"Good imported Parmesan cheese is terribly expensive today," Margaret said. "There can be different qualities of imported Parmesan, but I would prefer a good American Parmesan to a poor imported one," she said. "We have found a really good Parmesan from Wisconsin."

"Pecorino, a sheep's milk cheese, is harder to find, and most people use its American counterpart, Romano. It is a sharper cheese than Parmesan. Some people think it's too sharp and like to blend it with Parmesan."

Although the Romagnoli's keep cost and expense in perspective, and have filled their cookbooks with refeshingly simple everyday Italian meals, they are discriminating when it comes to authenticity and quality.

Olive oil, another important ingredient of many pasta sauces, can also be expensive, but its flavor justifies its costs, Franco points out, and most sauces don't use much oil.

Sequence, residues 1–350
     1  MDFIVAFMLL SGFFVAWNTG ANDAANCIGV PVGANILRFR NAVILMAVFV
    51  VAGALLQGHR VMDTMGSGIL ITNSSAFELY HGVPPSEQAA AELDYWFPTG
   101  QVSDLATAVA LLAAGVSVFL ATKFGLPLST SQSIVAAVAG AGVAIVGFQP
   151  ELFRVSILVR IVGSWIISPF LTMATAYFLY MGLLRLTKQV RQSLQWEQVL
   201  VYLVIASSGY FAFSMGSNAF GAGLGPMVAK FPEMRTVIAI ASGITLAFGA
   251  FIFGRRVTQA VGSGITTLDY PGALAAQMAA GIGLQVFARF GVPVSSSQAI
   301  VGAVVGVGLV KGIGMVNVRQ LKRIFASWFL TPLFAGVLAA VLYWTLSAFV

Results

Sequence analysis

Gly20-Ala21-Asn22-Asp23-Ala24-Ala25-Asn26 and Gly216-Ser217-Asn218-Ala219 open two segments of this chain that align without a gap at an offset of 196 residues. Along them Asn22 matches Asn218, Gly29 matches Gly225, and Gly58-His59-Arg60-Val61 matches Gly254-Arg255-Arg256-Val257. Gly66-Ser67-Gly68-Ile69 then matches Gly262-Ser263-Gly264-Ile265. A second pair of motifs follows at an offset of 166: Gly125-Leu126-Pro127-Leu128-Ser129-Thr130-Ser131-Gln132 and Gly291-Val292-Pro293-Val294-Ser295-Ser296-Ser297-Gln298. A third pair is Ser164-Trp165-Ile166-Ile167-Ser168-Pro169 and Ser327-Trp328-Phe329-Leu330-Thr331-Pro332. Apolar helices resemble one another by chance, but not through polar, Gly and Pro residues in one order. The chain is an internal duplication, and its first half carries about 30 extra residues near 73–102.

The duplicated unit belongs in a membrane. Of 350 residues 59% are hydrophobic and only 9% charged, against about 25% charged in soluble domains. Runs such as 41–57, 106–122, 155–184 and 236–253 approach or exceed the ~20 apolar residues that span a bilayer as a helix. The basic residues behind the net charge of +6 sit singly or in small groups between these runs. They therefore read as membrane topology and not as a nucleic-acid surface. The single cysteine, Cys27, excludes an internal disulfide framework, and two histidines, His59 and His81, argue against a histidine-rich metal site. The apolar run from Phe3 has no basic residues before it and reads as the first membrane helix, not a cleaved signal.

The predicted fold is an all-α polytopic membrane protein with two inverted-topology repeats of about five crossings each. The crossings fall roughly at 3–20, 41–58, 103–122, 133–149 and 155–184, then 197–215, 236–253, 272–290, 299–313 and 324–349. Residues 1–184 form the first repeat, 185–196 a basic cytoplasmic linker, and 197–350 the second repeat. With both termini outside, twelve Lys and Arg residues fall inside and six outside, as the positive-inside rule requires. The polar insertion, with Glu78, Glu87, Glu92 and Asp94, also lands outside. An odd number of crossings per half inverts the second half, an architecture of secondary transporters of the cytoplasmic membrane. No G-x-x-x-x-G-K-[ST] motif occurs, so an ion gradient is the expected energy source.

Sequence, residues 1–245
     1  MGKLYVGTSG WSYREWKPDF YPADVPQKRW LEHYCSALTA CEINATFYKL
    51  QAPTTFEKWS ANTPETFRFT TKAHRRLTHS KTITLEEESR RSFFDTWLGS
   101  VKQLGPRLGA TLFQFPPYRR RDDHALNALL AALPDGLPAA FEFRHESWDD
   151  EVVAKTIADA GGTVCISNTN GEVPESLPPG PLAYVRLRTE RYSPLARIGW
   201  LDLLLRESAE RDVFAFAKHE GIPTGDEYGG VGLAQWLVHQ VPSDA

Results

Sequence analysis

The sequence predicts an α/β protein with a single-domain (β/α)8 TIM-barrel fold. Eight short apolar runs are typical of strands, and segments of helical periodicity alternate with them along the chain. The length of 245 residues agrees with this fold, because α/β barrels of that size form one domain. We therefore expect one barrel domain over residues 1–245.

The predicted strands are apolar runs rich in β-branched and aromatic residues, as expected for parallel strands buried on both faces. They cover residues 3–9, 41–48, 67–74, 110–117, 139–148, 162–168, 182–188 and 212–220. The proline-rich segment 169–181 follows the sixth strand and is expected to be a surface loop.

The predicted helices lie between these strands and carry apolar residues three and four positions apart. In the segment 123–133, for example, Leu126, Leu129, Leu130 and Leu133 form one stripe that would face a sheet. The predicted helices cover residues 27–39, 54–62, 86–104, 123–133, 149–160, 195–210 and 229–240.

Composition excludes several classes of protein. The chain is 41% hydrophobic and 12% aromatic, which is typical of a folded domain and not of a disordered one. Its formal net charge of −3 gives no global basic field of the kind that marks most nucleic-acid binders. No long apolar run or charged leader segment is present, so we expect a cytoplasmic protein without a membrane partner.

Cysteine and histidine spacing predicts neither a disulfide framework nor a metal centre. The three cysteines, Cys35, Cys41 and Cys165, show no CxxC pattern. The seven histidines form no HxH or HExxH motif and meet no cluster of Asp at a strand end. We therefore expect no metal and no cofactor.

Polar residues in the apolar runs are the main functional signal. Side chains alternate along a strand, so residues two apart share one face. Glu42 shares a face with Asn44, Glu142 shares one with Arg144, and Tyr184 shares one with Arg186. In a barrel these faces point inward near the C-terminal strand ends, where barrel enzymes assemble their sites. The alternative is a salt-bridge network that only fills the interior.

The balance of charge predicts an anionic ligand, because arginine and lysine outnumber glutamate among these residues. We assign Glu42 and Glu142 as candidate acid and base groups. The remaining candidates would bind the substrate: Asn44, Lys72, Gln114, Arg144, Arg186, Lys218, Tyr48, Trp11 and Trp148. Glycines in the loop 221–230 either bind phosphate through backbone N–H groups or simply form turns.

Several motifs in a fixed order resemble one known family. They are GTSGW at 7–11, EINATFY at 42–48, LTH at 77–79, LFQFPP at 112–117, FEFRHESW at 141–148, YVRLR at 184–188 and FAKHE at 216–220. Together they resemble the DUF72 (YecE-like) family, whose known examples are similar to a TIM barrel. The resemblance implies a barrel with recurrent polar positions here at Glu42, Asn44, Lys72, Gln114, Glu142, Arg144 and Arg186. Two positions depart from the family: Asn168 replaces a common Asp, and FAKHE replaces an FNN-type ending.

"Look for pure virgin olive oil," he advises. "It should have a gentle olive taste and a light gold-green color. Its taste should linger on the tongue briefly then disappear. Buy small amounts until you find the one you like. Taste it on a small piece of Italian bread.

So saying, Mr. Romagnoli poured out a small amount of a green-gold olive oil from a bottle on the counter of their restaurant. "This is extra virgin olive, Bertolli brand, and it's wonderful on a salad, on antipasto. We like it very much." I did, too.